evidence, it does not appear that the MNK defendants need an
opportunity to cure any prejudice purportedly resulting from
the disclosure of these Documents because, on the record
before it, the Court concludes that J & J Sports was not
prejudiced by the Documents. For the final two factors, the
introduction of the Documents did not cause any disruption
because J & J Sports was or should have been already on
notice about the information in the Documents and because
there is no record evidence before the Court that the MNK
defendants acted in bad faith or with willfulness. For these
reasons, at this time and on the record before it, the Court
concludes that the MNK defendants did not violate Rule 26
with this disclosure, and the Court will not exclude the
Documents under Rule 37(c)(1).
J Sports also argues that the Documents should be excluded on
the grounds of lack of authenticity and hearsay. It is well
settled that a party may not defeat a motion for summary
judgment by relying solely on inadmissible hearsay. See,
e.g., BancorpSouth Bank v. Hazelwood Logistics Ctr.,
LLC, 706 F.3d 888, 900 (8th Cir. 2013); Guest v.
Shell, No. 4:12CV00336 JLH, 2013 WL 1089039, at *4 (E.D.
Ark. Mar. 14, 2013). However, the standard is not whether the
evidence at the summary judgment stage would be admissible at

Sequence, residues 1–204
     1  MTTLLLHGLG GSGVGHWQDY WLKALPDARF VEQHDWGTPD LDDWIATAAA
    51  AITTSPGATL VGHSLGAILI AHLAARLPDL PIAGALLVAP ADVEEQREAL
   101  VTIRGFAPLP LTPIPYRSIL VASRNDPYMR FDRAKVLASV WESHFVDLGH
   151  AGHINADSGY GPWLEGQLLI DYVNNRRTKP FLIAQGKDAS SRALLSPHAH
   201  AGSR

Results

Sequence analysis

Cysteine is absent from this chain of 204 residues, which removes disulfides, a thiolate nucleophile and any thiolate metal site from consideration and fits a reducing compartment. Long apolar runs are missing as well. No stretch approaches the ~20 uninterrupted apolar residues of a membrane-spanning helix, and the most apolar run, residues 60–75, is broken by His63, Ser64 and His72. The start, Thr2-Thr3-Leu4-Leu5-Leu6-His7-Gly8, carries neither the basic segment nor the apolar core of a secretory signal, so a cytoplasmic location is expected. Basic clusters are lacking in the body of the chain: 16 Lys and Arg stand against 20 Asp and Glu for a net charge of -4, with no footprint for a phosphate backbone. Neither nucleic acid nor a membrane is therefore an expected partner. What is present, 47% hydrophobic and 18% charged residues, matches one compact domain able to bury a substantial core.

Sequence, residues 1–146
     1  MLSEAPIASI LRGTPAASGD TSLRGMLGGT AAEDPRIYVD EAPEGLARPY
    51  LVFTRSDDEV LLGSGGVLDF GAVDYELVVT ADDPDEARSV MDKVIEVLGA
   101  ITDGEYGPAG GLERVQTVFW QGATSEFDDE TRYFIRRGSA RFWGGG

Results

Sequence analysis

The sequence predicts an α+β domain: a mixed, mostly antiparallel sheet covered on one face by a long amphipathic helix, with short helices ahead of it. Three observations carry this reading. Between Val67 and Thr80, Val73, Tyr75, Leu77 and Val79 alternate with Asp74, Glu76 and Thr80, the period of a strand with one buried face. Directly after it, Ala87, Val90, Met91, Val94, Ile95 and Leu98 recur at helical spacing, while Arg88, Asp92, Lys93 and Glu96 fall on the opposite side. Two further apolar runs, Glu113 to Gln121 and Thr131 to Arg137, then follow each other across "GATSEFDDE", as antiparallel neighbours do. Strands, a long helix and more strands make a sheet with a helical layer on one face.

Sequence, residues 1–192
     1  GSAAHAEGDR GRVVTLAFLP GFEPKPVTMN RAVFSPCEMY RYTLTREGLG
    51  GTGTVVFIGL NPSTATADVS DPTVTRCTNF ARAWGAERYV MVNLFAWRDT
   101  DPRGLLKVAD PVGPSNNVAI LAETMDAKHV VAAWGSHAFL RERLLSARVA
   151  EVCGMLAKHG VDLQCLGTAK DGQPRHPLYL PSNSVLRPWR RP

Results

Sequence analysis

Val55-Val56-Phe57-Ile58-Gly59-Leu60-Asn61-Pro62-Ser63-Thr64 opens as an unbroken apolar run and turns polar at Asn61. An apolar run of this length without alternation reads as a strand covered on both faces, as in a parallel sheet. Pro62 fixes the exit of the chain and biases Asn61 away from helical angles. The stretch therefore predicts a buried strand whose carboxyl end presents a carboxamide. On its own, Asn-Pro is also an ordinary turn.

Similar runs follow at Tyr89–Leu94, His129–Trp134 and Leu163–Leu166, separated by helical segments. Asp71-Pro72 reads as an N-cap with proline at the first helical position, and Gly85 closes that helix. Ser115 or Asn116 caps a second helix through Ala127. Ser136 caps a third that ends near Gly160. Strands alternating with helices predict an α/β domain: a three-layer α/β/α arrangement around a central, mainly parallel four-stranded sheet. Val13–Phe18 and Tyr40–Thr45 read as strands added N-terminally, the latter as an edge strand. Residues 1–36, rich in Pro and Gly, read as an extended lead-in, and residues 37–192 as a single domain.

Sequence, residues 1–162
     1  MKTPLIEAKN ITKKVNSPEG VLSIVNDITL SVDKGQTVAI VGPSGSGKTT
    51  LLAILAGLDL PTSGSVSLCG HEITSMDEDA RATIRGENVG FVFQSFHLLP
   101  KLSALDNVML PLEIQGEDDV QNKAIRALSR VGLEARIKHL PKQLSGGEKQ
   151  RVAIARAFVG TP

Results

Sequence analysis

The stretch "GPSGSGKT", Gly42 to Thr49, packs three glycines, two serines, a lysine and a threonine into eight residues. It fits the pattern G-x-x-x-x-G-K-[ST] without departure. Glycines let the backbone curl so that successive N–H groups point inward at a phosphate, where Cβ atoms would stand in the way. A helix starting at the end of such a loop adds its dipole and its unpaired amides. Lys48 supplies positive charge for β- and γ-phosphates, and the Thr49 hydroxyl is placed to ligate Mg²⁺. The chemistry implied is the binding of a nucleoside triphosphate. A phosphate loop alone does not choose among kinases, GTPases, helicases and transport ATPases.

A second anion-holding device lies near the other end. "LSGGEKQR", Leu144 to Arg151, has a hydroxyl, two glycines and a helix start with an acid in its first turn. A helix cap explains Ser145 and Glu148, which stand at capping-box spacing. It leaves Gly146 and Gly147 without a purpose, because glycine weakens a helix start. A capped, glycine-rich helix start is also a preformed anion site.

trial-it is whether it could be presented at trial
in an admissible form. Gannon Int'l, Ltd. v.
Blocker, 684 F.3d 785, 793 (8th Cir. 2012). Rule 56 of
the Federal Rules of Civil Procedure permits a party to
object to evidence cited by the other party at the summary
judgment stage and requires the Court to make a determination
regarding whether the evidence could be presented at trial in
an admissible form. See Fed. R. Civ. P. 56(c)(2).
The Court finds that these Documents could be properly
authenticated, among other ways, with a supporting affidavit
or testimony. Further, through supporting affidavits or
testimony, the MNK defendants could establish that these
Documents meet the requirements of records of a regularly
conducted activity and, therefore, are an exception to
hearsay. See Fed. R. Evid. 803(6). The Court will
consider these Documents at the summary judgment stage.